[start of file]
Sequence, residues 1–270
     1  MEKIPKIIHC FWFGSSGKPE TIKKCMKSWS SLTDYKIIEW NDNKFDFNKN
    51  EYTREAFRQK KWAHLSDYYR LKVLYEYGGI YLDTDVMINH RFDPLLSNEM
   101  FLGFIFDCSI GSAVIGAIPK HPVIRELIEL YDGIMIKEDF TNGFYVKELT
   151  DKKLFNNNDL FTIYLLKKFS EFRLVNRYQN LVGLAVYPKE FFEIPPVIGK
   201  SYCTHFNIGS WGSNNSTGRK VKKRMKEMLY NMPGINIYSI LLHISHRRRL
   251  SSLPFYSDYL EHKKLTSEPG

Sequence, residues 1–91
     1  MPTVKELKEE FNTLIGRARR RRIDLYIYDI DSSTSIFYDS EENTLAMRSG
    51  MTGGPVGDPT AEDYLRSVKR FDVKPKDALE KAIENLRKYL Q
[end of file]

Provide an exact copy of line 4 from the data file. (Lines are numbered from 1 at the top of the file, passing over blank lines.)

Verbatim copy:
   101  FLGFIFDCSI GSAVIGAIPK HPVIRELIEL YDGIMIKEDF TNGFYVKELT